This is the lens from which we have to assess the economic base-case scenario, understanding that the range of outcomes are extremely wide, but the probabilities still skewed more towards the downside. What is to be considered “normal” should not be through the prism of the post-WWII period, when the secular credit expansion ensured that recessions were short and shallow and expansions long and strong—to the extent that central banks started to believe their own press that they had managed to defeat the business cycle and with that in mind, coined their own term of success: “The Great Moderation”.
Today’s “normal” is seen through the prism of the McKinsey report — what life looks like after a post-credit bubble collapse. And so far, what we have seen in the markets and the macro economic data—an initial sharp bounce, then a stalling out, wide fluctuations, ultra-low policy rates and bond yields, endless signs of economic fragility and recurring double-dip risk — is indeed quite normal in this context.
This by no means suggests that investment themes have vanished and that you can’t make money and preserve capital in this sort of environment. There were plenty of ways to generate returns in 2011 —they just didn’t really exist that much within the equity market universe. But let’s go through where to prudently put money to work in the current and prospective backdrop, since we have to face up to the reality that you will not build up wealth or savings in T-bills, bank deposits or money market funds at today’s near-zero percent interest rate environment:
1. Market volatility is part and parcel of every post-bubble deleveraging cycle. This means an ongoing focus on long-short relative value strategies that have little directional exposure with the overall market but take advantage of the inherent mispricing across sectors during these periods of heightened volatility.
2. Deflation trumps inflation as the primary trend in a deleveraging cycle. This means an emphasis on defensive sectors with earnings stability and predictability characteristics. It also means a focus on squeezing as much income as possible out of the portfolio. This is why “income equity” strategies make so much sense.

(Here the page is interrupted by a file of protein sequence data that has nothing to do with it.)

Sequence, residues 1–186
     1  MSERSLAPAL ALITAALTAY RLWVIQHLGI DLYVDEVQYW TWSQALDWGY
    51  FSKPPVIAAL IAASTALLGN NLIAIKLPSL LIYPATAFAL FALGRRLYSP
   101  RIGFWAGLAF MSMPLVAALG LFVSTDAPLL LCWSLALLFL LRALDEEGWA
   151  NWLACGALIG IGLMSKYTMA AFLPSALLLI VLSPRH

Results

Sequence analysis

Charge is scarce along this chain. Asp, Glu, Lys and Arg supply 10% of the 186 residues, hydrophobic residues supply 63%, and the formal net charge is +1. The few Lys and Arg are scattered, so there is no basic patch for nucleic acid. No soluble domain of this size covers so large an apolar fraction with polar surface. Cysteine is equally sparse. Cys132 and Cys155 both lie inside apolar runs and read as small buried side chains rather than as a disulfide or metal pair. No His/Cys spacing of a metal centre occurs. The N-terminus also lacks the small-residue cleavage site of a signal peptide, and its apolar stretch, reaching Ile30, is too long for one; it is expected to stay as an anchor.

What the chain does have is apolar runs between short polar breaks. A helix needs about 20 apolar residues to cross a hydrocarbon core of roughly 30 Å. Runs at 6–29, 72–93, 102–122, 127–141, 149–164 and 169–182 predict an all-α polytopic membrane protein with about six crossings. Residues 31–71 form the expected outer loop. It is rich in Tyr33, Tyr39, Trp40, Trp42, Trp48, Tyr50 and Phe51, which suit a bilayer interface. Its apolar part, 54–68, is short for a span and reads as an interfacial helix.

3. Balance sheet quality becomes so much more important in cycles like these. Already, we have seen the amount of AAA-rated government paper plunge 70% in the past three years from $19 trillion to $6 trillion. As such, emphasis on good quality corporate bonds in noncyclical sectors, attractive spreads, high net free cash flow yields, low debt ratios, high liquidity ratios and light refinancing calendars make prudent sense. Our good friend and top-ranked credit analyst Marty Fridson told me yesterday that even in the high-yield space, spreads off of government bonds have more than 100 basis points of tightening potential based on the current set of fundamentals.
4. Always be on the lookout for assets priced for recession. Not only are wide swaths of the credit market priced for such, but so are parts of the commodity complex and segments of the ex-North American equity market where P/E ratios are in single-digits and PEG (P/E to growth) ratios below unity.
5. In this post-bubble environment, policy rates will remain near the floor for years. As such, the risks of any sustainable bear market in bonds are very low since the cost of carry is so vitally important to the fixed-income markets, especially for longer duration product (keeping in mind that yield curves are still steep by historical standards).
6. Keeping policy rates low means that real rates will remain negative. Even if the CPI turns negative, the central banks around the world will de facto ease policy by printing money. In this sense, the secular bull market in gold bullion remains intact and, as such, dips should be bought (especially dips below the moving averages).
7. Global deleveraging cycles almost invariably bring on heightened geo-political tensions. This is why the oil price has such a high floor established underneath it. Protectionism will continue to emerge as a new normal, as part of the globalization trend gets reversed. Exposure to crude oil and materials makes good sense from a strategic point of view.
8. Populist policies win the roost in these types of cycles. The 99% extract their pound of flesh from the 1%. Conservatives like Newt end up sounding like Krugman when debating the likes of Romney. Luxury retailing, or any other fashion that benefits from the spending trend of the upper class, is probably a good shorting opportunity.
Tags: Aberration, Amp, Baseline, Boom, Central Banks Of The World, David Rosenberg, Developed Nations, Dispersion, Ebullience, Euphoria, Extreme Volatility, liquidity, Market Weakness, Mckinsey Report, Mirage, Money Printing, New Paradigm, Qe, Swings, Timeliness
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Friday, January 20th, 2012
Jan. 20 (Bloomberg) — Marc Faber, publisher of the Gloom, Boom & Doom report, talks about the outlook for stocks versus bonds and his investment strategy. He speaks with Sara Eisen and Erik Schatzker on Bloomberg Television’s “InsideTrack.” (Source: Bloomberg)
Faber said in the interview, that given the choice between U.S. Treasurys and European bonds, he would choose the U.S. Treasurys; given the choice between equities, real estate, bonds and precious metals, he would choose precious metals and equities.